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For further information, see CMDT Part 39-20: Renal Cell Carcinoma

Key Features

Essentials of Diagnosis

  • Gross or microscopic hematuria

  • Flank pain or mass in some patients

  • Systemic symptoms such as fever, weight loss may be prominent

  • Solid renal mass on imaging

General Considerations

  • ~2.6% of all adult cancers

  • In the United States, ~62,700 cases of renal cell carcinoma are diagnosed and 14,240 deaths result annually


  • Peak incidence in sixth decade of life

  • Male-to-female ratio = 2:1

  • Risk factors: physical inactivity, obesity, and diabetes mellitus

  • Cigarette smoking is the only known significant environmental risk factor

  • Familial: von Hippel-Lindau syndrome, hereditary papillary renal cell carcinoma, hereditary leiomyoma-renal cell carcinoma, Birt-Hogg-Dube syndrome

  • Association: dialysis-related acquired cystic disease

Clinical Findings

Symptoms and Signs

  • Hematuria (gross or microscopic) in 60% of cases

  • Flank pain or an abdominal mass in ~30%

  • Triad of flank pain, hematuria, and mass in ~10–15%, often a sign of advanced disease

  • Fever occurs as a paraneoplastic symptom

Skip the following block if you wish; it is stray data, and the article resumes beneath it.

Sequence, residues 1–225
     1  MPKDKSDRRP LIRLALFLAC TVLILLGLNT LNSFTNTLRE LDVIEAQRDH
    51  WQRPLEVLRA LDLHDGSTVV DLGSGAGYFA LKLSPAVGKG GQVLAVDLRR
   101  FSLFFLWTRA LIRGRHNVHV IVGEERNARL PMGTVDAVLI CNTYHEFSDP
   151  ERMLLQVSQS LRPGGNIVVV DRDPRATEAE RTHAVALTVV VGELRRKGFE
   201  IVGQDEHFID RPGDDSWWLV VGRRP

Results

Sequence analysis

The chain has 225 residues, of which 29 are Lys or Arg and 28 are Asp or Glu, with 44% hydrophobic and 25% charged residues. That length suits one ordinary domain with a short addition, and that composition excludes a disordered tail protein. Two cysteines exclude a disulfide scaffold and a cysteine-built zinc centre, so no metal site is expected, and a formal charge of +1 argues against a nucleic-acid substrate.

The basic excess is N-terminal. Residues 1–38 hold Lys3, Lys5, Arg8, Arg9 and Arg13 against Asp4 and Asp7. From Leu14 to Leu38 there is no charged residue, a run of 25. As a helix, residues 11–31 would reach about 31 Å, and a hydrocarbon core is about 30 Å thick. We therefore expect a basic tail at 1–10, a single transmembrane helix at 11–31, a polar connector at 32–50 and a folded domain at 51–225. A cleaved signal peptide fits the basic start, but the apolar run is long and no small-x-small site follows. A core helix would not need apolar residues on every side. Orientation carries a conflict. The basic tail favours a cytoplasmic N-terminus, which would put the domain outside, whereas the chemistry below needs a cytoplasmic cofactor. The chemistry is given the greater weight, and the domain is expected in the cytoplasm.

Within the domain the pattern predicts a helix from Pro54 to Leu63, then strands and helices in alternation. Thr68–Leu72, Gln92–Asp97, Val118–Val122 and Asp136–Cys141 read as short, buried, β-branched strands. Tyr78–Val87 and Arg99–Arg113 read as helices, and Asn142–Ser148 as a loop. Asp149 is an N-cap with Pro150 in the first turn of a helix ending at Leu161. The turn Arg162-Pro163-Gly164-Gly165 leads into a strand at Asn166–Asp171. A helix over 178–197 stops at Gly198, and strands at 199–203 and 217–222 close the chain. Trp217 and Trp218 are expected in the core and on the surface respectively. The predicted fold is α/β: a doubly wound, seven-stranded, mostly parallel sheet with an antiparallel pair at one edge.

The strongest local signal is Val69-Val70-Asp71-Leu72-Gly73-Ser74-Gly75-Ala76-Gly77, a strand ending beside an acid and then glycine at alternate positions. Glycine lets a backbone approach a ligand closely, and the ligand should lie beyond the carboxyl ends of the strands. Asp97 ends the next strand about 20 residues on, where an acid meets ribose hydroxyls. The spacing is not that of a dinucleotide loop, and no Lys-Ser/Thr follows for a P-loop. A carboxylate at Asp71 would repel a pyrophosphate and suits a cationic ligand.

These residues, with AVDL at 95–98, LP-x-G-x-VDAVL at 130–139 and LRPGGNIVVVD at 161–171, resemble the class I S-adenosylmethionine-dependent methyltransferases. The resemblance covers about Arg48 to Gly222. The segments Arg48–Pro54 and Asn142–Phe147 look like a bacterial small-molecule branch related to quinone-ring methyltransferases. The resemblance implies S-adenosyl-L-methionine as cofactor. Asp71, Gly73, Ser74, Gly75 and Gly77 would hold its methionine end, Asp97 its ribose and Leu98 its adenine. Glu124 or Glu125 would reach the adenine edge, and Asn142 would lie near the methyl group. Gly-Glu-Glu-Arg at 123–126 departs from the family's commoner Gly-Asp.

• Symptoms of metastatic disease (cough, bone pain) in ~20–30% at presentation

  • Often detected incidentally

Differential Diagnosis

  • Angiomyolipomas (fat density usually visible by CT)

  • Renal pelvis urothelial cancers (more central location, involvement of the collecting system, positive urinary cytology)

  • Renal oncocytomas (indistinguishable from renal cell carcinoma preoperatively)

  • Renal abscesses

  • Adrenal tumors (superoanterior to the kidney)


Laboratory Tests

  • Hematuria in 50%

  • Paraneoplastic syndromes

    • Erythrocytosis from increased erythropoietin production in ~5% (but anemia is far more common)

    • Hypercalcemia in 10%

    • Stauffer syndrome, a reversible syndrome of hepatic dysfunction

Imaging Studies

  • Solid renal masses on abdominal ultrasonography or CT

  • CT and MRI scanning are the most valuable imaging tests; they confirm character of the mass, stage the lesion

  • Chest radiographs for pulmonary metastases

  • Bone scans for large tumors, bone pain, elevated alkaline phosphatase levels

  • Brain imaging should be obtained in patients with high metastatic burden or in those with neurologic deficits



  • For metastatic renal cell carcinoma, no effective cytotoxic chemotherapy is available

  • Vinblastine yields short-term partial response rates of 15%

  • Bevacizumab can prolong time to progression in persons with metastatic disease (Table 39–2)

  • Biologic response modifiers: α-interferon yields partial response rate of 15–20% and interleukin-2, partial response rate of 15–35%

  • Vascular endothelial growth factor (VEGF) and Raf-kinase inhibitors: oral agents, well-tolerated, with demonstrated effectiveness in patients with advanced kidney cancer, especially clear cell carcinoma (~40–60% response rate); agents include

    • Sunitinib

    • Pazopanib

    • Cabozantanib

    • Axitinib

    • Sorafanib

  • Sunitinib has been approved for adjuvant use after complete surgical resection in patients with adverse pathological features

  • Everolimus and temsirolimus are ...

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